The shirts in my brain's electrical activity have been accompanied by equally dramatical, emotional, social, psychological, cognitive, and spiritual transformations. Changes in all these areas do not occur independently or sequentially; dramatic shifts occurred in several areas simultaneosly. Undergoing EDF required that I make very rapid adaptations to an ever changing brain environment &endash;p; an often confusing and fatiguing task. I encountered a kaleidoscope of reactions to the experience, ranging from joyful excitement to profound bewilderment, and even distress. What I am talking about is a treatment which can alter a person's full experience of reality.

CNS biofeedback is not a modality to be utilized by the timid, distracted, or disengaged therapist. Anyone offering this treatment to a patient must make a personal committment to provide comprehensive support and guidance.

I found that my brain was continuously in a state of flux; alterations in cerebral functioning set in my motion during a CNS training session did not cease at the end of a session.

Between appointments the patient may need to discuss a change that has occurred. Therapists need to be willing to offer reasonable telephone accessability to these patients between office visits. Caution and compassion are essential attributes for the CNS biofeedback practitioner.
Determining the optimum training schedule for me was important to avoid undue cerebral fatigue. Initial I underwent twice daily EDF sessions, then once daily, and currently thrice weekly. I learned that signs such as tinnitus, persistent vague nausea, extreme mental and physical fatigue, exaggerated startle reflex, photophobia, and increase mental confusion were my body's signal to suspend EDF for a few days. The "no pain, no gain" maxim does not apply in this situation.

· Practitioners must be alert to the signs of cerebral fatigue and tailor treatment schedules accordingly.

In order to reach an understanding of the far-reaching impact of brain work with patients, one will need to acquire a respect for the all pervasive nature of the brain. At various times in history, the brain has been credited as being the center of intellect and learning; the regulator of all voluntary and involuntary physical and cognitive processes; the source of emotional response, personality, and immortality; the depository for a lifetime in memory and experience, the mediator of paranormal phenomena, the origin of linguistic and artistic expression, and even the sanctuary of the soul. In fact the brain may be all of these things and much, much more.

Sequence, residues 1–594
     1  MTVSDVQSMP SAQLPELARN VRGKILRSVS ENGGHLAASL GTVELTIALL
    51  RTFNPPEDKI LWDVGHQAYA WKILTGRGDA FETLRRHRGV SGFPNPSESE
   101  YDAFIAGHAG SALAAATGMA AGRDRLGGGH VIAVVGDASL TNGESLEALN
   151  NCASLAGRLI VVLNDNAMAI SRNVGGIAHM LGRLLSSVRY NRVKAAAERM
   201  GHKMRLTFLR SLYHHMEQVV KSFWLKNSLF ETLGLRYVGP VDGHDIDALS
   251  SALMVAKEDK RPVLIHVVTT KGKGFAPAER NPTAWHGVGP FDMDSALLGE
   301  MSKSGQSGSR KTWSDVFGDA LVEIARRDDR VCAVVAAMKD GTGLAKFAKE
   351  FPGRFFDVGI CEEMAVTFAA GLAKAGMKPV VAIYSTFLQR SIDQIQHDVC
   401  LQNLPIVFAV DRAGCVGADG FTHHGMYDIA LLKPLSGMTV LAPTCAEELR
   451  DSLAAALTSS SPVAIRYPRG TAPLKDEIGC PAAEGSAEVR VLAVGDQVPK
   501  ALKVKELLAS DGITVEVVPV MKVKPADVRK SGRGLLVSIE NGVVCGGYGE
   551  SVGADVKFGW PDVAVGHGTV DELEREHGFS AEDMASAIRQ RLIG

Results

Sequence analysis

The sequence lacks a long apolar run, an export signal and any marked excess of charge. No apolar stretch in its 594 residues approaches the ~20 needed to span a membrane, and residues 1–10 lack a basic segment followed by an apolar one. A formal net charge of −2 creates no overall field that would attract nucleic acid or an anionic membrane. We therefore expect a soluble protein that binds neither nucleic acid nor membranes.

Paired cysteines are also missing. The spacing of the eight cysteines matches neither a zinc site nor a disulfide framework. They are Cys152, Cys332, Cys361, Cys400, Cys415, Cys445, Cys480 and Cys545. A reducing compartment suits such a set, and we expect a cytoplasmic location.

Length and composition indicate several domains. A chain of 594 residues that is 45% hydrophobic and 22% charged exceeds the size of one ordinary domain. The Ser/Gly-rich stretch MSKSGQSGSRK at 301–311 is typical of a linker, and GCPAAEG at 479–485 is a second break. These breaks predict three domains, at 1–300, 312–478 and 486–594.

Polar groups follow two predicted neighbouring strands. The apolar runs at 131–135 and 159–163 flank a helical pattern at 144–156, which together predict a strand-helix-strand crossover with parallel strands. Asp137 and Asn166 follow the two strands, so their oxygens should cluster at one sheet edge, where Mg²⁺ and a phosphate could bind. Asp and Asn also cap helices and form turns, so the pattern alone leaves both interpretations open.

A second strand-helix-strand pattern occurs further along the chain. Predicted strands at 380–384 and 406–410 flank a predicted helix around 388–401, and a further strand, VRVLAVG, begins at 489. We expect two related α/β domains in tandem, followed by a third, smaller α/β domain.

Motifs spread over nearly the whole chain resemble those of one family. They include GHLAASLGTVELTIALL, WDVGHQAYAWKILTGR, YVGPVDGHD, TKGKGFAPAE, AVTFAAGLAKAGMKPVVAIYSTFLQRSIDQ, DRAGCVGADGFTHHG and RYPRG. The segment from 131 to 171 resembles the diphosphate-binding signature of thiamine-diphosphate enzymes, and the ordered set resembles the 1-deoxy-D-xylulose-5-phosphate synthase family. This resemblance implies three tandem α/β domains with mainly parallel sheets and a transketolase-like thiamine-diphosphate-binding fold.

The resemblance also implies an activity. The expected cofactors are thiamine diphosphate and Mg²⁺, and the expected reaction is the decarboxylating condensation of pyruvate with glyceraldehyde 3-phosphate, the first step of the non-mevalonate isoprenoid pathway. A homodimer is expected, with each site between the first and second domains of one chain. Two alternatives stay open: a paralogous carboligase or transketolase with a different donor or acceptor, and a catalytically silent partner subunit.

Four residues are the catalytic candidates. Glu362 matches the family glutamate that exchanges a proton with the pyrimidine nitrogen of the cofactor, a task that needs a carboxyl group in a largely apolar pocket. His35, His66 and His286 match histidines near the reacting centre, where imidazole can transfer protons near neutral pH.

Man's misunderstanding of this 2 1/2 pounds of goo that sloshes about in a chemical stew within our skulls has had many disastrous consequences down through the ages. In the not too distant past, the frontal lobes of individuals were casually lopped out in the belief that this would extinguish undesirable personality traits. Believing that series activity was a sign of demonic possession, unfortunate sufferers were burned as witches. While these ideas may sound ridiculous to us today, I believe that they differ only in their degree of savagery from some beliefs that are still held today. At the time of my neurosurgery, I was told that whatever level of recovery I had achieved by one year post surgery would probably be my maximum recovery. Whenever I ventured to express a more optimistic outlook, I was emphatically admonished, "brain tissue, once damaged can never be repaired or replaced." As the graph I have shown clearly demonstrate, this was not the case. Many persons less fortunate that I are simply not offered further treatment options after they pass their one year mark.

We must be careful not to judge too harshly the integrity or competency of persons making the misjudgments. Despite all our efforts, we probably know less than one percent of all there is to know about the ways of our brains. Some believe that the brain is simply not capable of understanding itself. Since it is a self ordering, ever evolving organ, it exclusively changes faster that we can gain understanding. Neuroscientist Miles Herkemham says it well when he writes:
"When you consider all the billions of cells within the human brain, with each one affected by an unknown number of transmitters, peptides, and other 'messenger substances; the amount of information quickly escalates to a figure approaching the number of particles in existence. ...To this extent, no matter how much we learn about the brain, we can never learn it all. There will always be something to astound us, to amaze us, to keep us humble, while at the same time stimulating us to greater efforts toward understanding the brain. The human brain is simply the most marvelous organ in the known universe."

In my personal experience with CNS biofeedback, the shifts in my brain's electrical activity reflected in the graphs were accompanied by equally dramatic physical, emotional, social, psychological, cognitive, and spiritual alterations. I do not believe my experiences have been unique in any way. Every patient who undergoes CNS biofeedback training will be required to make very rapid adaptations to an ever changing brain environment. He/ she may experience a kaleidoscope of reactions to the experience, ranging from joyful excitement to profound bewilderment and even distress.